Victorian women artists’ works are often omitted from accounts of nineteenth-century art, leaving an incomplete and damaged picture of artistic developments. Women artists of the period remain largely misunderstood as incidental artists whose work is considered secondary to, and imitative of, their better-known male counterparts.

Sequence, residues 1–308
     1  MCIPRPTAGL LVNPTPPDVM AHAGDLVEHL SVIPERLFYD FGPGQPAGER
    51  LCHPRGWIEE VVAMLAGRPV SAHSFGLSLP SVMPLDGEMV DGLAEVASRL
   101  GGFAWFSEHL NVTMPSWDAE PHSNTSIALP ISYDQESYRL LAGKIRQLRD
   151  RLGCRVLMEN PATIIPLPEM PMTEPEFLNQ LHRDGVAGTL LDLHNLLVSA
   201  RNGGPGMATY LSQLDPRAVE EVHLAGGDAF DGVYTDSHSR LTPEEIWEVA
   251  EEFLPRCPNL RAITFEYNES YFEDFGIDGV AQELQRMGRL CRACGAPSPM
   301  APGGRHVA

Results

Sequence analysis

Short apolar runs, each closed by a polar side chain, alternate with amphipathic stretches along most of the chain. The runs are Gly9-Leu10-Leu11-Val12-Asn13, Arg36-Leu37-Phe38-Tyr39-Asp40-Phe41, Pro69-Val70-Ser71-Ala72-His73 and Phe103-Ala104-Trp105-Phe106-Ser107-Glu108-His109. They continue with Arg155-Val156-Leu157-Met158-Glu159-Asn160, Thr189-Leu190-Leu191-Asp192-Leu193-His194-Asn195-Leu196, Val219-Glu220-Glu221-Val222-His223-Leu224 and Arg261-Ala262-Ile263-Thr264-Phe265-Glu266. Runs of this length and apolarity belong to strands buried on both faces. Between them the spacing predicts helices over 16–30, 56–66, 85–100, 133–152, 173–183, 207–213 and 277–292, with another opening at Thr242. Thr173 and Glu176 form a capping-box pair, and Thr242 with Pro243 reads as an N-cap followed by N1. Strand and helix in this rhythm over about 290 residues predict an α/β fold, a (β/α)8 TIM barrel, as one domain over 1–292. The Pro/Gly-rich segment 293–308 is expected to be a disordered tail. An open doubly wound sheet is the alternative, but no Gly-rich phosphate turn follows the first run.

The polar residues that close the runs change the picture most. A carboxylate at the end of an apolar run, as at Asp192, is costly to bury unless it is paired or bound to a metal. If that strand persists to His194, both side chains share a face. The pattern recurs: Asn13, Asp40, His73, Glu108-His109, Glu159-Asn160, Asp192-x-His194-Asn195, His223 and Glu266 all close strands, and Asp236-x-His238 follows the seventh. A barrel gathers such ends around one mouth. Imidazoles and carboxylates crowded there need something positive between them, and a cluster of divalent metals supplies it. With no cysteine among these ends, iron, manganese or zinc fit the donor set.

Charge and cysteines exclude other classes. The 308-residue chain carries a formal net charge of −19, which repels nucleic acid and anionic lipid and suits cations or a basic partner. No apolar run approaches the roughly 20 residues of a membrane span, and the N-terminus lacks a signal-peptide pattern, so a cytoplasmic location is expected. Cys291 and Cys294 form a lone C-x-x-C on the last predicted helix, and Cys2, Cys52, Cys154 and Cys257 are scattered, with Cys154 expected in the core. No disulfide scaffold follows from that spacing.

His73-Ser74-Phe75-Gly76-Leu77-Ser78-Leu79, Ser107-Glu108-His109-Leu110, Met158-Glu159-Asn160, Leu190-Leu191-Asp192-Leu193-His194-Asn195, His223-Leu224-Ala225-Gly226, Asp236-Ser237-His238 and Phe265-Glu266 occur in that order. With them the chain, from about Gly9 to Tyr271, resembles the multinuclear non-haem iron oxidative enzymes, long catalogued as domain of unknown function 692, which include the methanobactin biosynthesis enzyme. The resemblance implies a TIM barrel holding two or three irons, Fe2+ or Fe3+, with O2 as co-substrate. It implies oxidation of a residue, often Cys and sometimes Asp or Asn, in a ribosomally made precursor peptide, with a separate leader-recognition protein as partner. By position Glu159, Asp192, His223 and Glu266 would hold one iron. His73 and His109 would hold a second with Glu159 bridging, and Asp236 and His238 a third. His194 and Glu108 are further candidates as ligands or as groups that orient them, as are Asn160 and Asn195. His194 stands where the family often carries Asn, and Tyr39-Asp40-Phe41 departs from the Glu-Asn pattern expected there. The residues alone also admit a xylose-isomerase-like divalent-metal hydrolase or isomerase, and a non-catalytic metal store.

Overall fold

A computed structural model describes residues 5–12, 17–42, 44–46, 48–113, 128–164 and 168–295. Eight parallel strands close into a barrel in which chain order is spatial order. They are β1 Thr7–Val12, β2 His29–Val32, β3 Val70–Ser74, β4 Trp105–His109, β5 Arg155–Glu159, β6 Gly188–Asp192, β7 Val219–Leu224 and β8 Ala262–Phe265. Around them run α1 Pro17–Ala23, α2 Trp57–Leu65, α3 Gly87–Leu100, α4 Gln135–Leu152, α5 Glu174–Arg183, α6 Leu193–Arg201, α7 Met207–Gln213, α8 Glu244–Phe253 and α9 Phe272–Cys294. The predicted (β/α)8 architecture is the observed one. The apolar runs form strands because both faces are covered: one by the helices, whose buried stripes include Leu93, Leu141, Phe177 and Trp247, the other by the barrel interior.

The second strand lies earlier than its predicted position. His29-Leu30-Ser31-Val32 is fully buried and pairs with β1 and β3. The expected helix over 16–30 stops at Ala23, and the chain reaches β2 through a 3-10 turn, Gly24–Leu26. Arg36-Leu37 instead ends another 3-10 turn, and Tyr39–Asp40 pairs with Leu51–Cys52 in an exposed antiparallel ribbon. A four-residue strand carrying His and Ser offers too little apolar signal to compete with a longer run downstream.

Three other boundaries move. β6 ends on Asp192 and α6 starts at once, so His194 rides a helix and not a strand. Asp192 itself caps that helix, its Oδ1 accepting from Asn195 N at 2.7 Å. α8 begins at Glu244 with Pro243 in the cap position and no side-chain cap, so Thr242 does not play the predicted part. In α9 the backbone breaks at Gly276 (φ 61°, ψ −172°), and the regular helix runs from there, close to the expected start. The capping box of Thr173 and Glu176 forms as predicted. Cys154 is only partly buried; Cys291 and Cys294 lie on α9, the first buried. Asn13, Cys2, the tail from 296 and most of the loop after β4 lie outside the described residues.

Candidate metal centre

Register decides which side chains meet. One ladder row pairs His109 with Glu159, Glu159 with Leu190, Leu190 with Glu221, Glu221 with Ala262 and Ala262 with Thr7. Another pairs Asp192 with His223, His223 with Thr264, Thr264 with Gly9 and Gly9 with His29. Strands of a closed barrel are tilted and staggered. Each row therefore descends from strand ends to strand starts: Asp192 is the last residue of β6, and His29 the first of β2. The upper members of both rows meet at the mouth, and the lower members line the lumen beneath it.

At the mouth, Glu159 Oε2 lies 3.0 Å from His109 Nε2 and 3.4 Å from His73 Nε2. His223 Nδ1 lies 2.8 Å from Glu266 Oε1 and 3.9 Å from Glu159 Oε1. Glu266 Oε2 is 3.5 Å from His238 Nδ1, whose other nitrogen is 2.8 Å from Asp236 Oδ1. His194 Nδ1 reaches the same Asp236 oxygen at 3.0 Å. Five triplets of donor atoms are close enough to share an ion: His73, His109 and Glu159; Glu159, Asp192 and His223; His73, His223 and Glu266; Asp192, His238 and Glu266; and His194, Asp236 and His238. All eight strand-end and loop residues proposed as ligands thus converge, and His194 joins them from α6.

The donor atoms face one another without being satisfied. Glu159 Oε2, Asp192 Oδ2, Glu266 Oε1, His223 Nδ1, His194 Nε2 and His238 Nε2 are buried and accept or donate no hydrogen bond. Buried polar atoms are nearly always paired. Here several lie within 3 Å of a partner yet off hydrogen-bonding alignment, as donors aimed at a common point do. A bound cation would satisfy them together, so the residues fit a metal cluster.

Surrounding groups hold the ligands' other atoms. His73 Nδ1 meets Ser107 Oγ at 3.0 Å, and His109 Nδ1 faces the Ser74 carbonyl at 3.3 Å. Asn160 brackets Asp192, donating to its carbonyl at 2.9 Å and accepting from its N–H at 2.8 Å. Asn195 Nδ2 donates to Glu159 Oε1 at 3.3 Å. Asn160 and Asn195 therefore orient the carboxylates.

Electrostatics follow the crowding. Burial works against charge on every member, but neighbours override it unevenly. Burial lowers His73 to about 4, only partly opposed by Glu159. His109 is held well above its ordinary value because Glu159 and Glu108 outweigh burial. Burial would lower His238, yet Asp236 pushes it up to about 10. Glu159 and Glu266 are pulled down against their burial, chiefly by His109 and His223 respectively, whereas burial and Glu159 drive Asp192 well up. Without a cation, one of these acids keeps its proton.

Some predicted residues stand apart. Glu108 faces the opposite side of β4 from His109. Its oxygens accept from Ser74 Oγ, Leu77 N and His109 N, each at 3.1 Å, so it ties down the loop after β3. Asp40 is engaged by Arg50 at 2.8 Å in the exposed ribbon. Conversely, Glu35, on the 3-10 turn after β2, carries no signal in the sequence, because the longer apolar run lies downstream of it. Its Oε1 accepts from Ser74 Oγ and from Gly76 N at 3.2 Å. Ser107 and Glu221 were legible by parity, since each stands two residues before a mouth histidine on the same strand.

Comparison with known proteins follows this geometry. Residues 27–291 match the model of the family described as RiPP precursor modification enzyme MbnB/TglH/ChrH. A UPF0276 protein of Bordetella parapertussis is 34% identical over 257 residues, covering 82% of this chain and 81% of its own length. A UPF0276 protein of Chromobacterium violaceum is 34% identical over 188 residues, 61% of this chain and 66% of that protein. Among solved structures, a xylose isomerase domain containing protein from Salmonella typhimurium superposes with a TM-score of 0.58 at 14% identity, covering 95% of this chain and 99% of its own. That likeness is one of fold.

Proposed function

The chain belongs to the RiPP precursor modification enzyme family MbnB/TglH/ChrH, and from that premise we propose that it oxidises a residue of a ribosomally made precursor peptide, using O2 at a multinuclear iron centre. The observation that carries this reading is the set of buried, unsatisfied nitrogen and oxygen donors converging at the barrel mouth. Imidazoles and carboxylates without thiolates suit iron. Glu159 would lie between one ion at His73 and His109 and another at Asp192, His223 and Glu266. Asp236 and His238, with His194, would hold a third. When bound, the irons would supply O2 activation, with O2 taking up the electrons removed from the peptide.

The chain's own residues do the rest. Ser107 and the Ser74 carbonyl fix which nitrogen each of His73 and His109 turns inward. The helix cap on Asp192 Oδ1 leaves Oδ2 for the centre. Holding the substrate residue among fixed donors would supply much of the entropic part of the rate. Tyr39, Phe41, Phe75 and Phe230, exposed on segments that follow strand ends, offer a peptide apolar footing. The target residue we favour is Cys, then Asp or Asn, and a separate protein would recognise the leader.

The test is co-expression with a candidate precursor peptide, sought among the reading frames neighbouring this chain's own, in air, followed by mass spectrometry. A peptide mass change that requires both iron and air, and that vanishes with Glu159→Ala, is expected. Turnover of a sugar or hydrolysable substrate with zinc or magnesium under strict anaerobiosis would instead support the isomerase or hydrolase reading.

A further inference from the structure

Aglaia (née Ionides) Coronio (1834-1906), Maria (née Cassavetti) Zambaco (1843-1914) and Marie (née Spartali) Stillman (1843-1927) were women artists who lived and worked within a vortex of artists associated with the Holland Park Circle and prominent Greek family the Ionides. In their paradigmatic cases Victorian women artists' works variously developed, critiqued and enabled that of their male predecessors and contemporaries - Edward Burne-Jones, Ford Maddox Brown, Alphonse Legros, William Morris and Dante Gabriel Rossetti - , and vice versa. This online exhibition and research resources site, a legacy of Dr. Katie Tyreman Herrington's AHRC funded collaborative Cultural Engagement project, undertaken for the Humanities Research Centre and Department of History of Art at the University of York and the Victoria & Albert Museum, offers spectators a rare opportunity to engage in detail with these Victorian women artists’ paintings, sculptures, textiles and costume designs together and in relation to works by their male counterparts.